From E&E News:
I haven’t dug into this but sounds interesting. I just wonder about the first sentence “considering the matter for six years”. I also have to wonder about every rule being tied to its President. So the rule that will be done for objections based on the Approps bill will be an “Obama-era rule” ;?
Court tosses Bush-era rule on fire-management consultations
After considering the matter for six years, a federal court yesterday threw out a George W. Bush administration rule that streamlined the consultation required by the Endangered Species Act in the course of preparing fire management plans.
U.S. District Judge Gladys Kessler of the District of Columbia, who apologized in a footnote for taking so long, reversed her own 2006 ruling that had upheld the rule.
She took a second look at the request of environmental groups, including Defenders of Wildlife, which had challenged the 2003 rule in part because of the potential impact on the lynx, which is listed as a threatened species. The groups said Kessler had been too deferential to the Bush administration in upholding the rule.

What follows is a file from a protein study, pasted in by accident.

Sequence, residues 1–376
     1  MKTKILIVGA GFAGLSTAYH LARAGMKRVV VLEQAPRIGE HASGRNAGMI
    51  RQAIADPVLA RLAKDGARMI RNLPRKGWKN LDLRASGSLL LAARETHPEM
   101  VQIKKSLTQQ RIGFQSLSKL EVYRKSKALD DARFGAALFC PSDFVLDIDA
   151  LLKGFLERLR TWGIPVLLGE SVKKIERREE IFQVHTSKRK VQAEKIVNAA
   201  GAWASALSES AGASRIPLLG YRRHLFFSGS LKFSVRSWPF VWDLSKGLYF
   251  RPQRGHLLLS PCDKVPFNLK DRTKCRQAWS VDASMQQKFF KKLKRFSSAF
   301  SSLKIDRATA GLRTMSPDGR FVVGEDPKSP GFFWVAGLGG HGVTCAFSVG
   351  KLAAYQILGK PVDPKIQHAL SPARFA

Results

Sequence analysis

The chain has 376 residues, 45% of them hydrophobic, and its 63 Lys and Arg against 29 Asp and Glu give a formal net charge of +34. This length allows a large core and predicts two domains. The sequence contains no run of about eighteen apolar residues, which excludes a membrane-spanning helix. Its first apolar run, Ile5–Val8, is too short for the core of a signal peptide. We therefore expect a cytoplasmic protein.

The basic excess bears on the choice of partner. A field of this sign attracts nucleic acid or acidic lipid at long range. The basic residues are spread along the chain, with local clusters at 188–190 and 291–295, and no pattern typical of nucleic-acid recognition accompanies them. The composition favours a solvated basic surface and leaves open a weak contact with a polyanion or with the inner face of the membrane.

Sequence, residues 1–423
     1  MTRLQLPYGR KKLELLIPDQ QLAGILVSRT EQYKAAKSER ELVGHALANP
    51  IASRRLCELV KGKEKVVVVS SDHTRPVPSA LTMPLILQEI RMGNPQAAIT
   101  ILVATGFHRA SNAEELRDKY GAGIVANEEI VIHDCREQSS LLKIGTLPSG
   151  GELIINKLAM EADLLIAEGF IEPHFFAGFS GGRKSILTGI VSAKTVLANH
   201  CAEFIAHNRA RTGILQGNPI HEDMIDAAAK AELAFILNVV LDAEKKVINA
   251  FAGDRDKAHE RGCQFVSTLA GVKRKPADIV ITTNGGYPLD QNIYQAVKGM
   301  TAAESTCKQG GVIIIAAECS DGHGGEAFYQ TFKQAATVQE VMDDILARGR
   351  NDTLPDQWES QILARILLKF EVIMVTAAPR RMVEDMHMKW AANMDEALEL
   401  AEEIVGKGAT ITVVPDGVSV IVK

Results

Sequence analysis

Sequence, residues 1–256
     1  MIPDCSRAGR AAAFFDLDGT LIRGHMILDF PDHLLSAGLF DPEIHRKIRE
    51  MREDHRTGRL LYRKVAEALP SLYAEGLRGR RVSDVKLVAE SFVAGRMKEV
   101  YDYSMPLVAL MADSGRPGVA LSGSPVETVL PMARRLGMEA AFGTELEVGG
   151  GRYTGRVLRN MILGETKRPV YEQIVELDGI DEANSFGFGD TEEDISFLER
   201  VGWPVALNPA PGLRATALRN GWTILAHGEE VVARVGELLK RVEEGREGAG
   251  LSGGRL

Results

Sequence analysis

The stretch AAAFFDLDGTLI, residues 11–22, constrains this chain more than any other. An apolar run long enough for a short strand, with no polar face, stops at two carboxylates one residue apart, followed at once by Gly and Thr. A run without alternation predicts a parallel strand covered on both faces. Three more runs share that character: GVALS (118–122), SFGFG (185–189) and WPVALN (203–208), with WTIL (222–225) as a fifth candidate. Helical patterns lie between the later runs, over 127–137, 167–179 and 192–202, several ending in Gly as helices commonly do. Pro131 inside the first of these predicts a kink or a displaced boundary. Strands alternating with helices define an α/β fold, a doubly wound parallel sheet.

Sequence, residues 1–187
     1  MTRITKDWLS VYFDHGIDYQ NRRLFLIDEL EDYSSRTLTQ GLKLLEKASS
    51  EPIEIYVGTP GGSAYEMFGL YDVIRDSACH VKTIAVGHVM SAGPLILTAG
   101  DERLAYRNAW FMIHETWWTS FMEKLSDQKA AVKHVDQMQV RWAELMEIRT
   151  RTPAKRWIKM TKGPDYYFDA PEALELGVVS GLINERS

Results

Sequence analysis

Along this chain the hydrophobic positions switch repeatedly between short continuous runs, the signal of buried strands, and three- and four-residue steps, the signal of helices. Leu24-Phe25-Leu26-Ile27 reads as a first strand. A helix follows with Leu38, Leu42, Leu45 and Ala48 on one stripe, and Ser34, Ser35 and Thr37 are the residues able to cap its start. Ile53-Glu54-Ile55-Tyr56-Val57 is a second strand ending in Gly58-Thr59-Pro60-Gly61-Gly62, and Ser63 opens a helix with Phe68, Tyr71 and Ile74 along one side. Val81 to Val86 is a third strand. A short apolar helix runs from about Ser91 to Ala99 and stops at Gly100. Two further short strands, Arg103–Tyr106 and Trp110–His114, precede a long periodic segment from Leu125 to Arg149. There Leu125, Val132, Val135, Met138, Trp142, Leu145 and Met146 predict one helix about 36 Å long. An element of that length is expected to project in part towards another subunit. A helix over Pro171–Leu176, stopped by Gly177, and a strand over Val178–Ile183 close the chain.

In yesterday’s ruling, Kessler belatedly agreed with the challengers that the rule, which restricted consultation with U.S. Fish and Wildlife Service biologists, was “arbitrary and capricious” under the Administrative Procedure Act.
At issue was the Bush administration’s initial rationale for the streamlined rule, namely that it would reduce existing delays in enacting fire plans, thereby lessening the prospect of serious fires.
Kessler ruled that this purported justification is “not supported by the evidence in the record.”
More recently, the Fish and Wildlife Service has changed its position. Now it says the new rule merely has the possibility of speeding up the drafting of future fire plans, Kessler noted.
The government had claimed the case was now moot because it has changed its approach, but Kessler rejected that contention.
Eric Glitzenstein, a lawyer at Meyer Glitzenstein & Crystal who represented the environmental groups, said today that “the purported rationale for the rule never made any sense and needlessly placed listed species at risk.”
The Justice Department declined to comment.
Here’s a link to the decision.